Historic Numbers Of GOP Women Run For Office

There are many Republican women running for office this year. Driven by economic concerns, anti-incumbent fever or inspired by Sarah Palin, it seems to be a new day for the GOP. Next Tuesday's primaries feature many first tier GOP women.

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There is a lot of anger being directed at incumbents in this election year, so it shouldn't be surprising that there's a huge number of challengers running for Congress. There are more than 2,300 candidates for the House and the Senate. That's the highest number since the mid-1970s. And there are more women running for office this year. More of them are Republicans, as NPR national political correspondent Mara Liasson reports.

MARA LIASSON: The number of Republican women in office and running for office has always lagged behind Democratic women. But this year the gap is closing. On next Tuesday's ballot alone there are lots of high profile female GOP candidates.

In California, women are the front-runners in both the Republican Senate and gubernatorial primaries. In Nevada, the two leading Republicans in Tuesday's Senate primary are women. One of them will face Senate Majority Leader Harry Reid in the fall.

The self-appointed den mother for all these Republican female office seekers is Sarah Palin, her party's first female vice presidential candidate.

Ms. SARAH PALIN (Former Republican Governor, Alaska): In Washington, let me tell you, you no doubt don't want to mess with moms who are rising up. There in Alaska, I always think of the mama grizzly bears that rise up on their hind legs when somebody's coming to attack their cubs, to do something adverse toward their cubs. No, the mama grizzlies, they rear up and, you know, if you thought pit bulls were tough, well, you don't want to mess with the mama grizzlies.

Ms. MARJORIE DANNENFELSER (President, Susan B. Anthony List): It's good that you mentioned Sarah Palin, because I believe she is the wind in the sails for this election cycle.

LIASSON: That's Marjorie Dannenfelser, the president of the Susan B. Anthony List, a political action committee that supports pro-life women candidates.

Ms. DANNENFELSER: Just the increase from last election cycle to this, we saw 54 women running, and only 18 were Republicans. This election cycle, we're looking at 107 running in the House, and 61 of those women are Republican women. So that's a greater, obviously, a greater proportion. We're in a different environment now.

LIASSON: It's an environment that, since 2008, has seen to favor outsiders, which women often are, says Dannenfelser.

Ms. DANNENFELSER: I believe why Obama resonated with voters is a freshness, a hunger for authenticity, truth-telling, not personal ambition, but issue ambition. There is a hunger for that, and women are a category that I think answers that.

LIASSON: It's also a good year to run as a Republican. And as the party has become more conservative, not surprisingly, so have women running as Republicans. But there's also something else that's new. Many of this year's female GOP candidates are rich - very rich, and they are able to self-finance.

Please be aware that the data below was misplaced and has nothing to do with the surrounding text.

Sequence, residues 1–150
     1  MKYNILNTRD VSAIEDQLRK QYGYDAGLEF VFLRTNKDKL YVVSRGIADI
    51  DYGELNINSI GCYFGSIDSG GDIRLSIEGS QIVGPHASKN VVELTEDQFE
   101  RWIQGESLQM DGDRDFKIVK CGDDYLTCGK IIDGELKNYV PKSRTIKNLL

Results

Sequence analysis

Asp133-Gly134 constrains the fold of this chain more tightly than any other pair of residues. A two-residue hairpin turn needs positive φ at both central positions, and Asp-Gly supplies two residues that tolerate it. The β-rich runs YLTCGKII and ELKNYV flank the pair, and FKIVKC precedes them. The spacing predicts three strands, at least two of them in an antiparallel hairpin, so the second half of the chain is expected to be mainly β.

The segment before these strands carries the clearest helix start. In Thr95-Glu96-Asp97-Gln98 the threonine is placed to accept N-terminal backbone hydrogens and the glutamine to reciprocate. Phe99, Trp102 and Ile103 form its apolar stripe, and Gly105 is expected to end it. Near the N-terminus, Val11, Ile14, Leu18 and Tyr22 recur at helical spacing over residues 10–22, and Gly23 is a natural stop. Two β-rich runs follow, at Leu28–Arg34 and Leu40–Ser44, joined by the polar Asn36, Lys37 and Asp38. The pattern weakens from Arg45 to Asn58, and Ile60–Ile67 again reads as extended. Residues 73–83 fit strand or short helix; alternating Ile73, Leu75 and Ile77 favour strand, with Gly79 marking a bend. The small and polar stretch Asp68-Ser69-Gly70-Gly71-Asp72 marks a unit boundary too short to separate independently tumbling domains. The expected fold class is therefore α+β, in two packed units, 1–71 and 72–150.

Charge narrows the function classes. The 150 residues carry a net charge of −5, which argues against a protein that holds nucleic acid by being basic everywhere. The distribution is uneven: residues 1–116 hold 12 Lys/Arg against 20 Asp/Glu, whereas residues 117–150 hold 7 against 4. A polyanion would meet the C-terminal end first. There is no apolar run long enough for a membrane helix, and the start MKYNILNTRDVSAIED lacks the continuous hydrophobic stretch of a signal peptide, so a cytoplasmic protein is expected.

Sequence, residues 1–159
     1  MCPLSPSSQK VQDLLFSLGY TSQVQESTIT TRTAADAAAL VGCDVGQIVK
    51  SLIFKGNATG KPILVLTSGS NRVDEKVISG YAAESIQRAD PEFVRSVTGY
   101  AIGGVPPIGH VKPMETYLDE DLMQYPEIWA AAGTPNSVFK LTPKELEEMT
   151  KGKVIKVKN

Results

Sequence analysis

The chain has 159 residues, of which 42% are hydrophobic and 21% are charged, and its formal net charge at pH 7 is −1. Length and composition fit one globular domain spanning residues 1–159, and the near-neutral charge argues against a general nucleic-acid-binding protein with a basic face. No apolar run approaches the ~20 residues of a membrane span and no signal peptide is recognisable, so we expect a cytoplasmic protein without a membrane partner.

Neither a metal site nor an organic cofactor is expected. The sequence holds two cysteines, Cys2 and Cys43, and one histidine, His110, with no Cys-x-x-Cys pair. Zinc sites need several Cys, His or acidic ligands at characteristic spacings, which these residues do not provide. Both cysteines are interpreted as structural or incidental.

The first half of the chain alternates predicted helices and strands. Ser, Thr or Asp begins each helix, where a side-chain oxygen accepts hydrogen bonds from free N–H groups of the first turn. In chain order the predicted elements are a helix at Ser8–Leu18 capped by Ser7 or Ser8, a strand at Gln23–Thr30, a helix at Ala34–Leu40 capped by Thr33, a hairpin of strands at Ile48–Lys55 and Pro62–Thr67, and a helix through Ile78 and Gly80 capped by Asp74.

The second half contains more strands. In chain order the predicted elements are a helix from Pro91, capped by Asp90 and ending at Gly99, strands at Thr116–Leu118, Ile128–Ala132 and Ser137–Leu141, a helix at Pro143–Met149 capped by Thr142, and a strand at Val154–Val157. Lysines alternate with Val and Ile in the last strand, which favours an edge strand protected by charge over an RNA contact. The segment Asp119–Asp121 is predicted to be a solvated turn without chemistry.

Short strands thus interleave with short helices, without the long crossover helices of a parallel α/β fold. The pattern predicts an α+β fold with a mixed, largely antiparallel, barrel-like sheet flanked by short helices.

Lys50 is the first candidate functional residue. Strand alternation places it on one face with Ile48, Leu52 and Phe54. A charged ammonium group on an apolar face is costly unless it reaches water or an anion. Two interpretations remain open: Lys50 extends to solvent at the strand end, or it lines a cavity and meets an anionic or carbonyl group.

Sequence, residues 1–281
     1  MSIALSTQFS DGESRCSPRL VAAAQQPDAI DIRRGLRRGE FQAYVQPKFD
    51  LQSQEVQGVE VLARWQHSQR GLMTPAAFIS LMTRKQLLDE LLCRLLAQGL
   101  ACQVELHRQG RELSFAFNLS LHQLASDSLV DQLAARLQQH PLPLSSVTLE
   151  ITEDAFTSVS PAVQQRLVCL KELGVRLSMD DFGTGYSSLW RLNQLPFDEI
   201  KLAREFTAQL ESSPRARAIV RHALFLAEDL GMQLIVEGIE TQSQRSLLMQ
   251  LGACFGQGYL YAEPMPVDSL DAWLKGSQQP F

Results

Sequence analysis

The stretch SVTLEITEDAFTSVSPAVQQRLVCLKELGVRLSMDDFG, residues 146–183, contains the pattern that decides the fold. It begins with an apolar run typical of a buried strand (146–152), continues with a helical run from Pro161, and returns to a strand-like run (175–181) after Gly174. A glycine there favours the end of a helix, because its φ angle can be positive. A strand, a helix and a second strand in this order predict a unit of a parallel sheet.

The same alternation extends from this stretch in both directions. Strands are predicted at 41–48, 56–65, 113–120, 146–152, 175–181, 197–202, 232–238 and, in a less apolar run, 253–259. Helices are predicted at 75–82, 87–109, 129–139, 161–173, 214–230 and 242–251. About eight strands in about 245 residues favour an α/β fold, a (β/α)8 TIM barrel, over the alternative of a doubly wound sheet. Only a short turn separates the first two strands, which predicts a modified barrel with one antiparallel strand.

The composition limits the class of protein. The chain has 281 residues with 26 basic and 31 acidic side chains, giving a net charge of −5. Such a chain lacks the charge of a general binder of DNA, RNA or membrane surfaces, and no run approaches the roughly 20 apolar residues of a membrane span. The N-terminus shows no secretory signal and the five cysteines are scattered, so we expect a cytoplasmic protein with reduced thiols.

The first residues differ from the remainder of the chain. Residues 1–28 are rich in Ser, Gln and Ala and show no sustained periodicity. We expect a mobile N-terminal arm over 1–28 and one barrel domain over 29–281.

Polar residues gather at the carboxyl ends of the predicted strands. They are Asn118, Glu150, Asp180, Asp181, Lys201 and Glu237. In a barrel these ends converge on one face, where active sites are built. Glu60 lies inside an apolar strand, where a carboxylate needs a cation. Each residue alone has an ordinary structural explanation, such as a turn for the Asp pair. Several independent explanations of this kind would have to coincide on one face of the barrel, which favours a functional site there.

Ruth Mandel is the senior scholar at the Center for American Women in Politics at Rutgers University.

Professor RUTH MANDEL (Senior Scholar, Center for American Women in Politics, Rutgers University): Some women are actually succeeding in business at high enough levels to be able to plow millions of dollars into their own campaigns. And men have been doing that. Some women are now able to do that. That's different. And they happen to be Republicans.

LIASSON: And just like a lot of anti-incumbent male candidates this year, some of these Republican women challengers come from unorthodox backgrounds. Take Linda McMahon, the GOP candidate for Senate in Connecticut. She's a multimillionaire and political outsider from the unlikely political incubator -or maybe not - of professional wrestling.

Ms. LINDA McMahon (Republican Senatorial Candidate, Connecticut): If all else failed in Washington, I would set a ring up in the Senate chamber and lay the smack-down on some of these guys if they don't want to come to the table.

(Soundbite of laughter)

LIASSON: And just like male candidates, some of these women are running into the same kinds of questions about their personal lives. Here's South Carolina Republican candidate for governor, Nikki Haley.

State Representative NIKKI HALEY (Republican, South Carolina; Gubernatorial Candidate): It is absolutely not true. Michael and I have been married for 13 years. We've been faithful to each other.

LIASSON: Ruth Mandel sees all of these Republican women candidates as a natural result of a work that an earlier generation of feminist pioneers - back then, mostly liberal women - did to plow the field.

Prof. MANDEL: For many, many years, when the Women's Movement, when we were discussing, well, if, you know, what kind of women do we want to get in? And some of us would say you can't open the door just a crack. You have to open it very wide. You have to encourage young women to dream about public life and public leadership, and you have to keep the door wide for all kinds women. And that's what we're seeing now: all kinds of women.

LIASSON: And that, says Mandel, is a sign of success for women on all points of the political spectrum.

Mara Liasson, NPR News, Washington.

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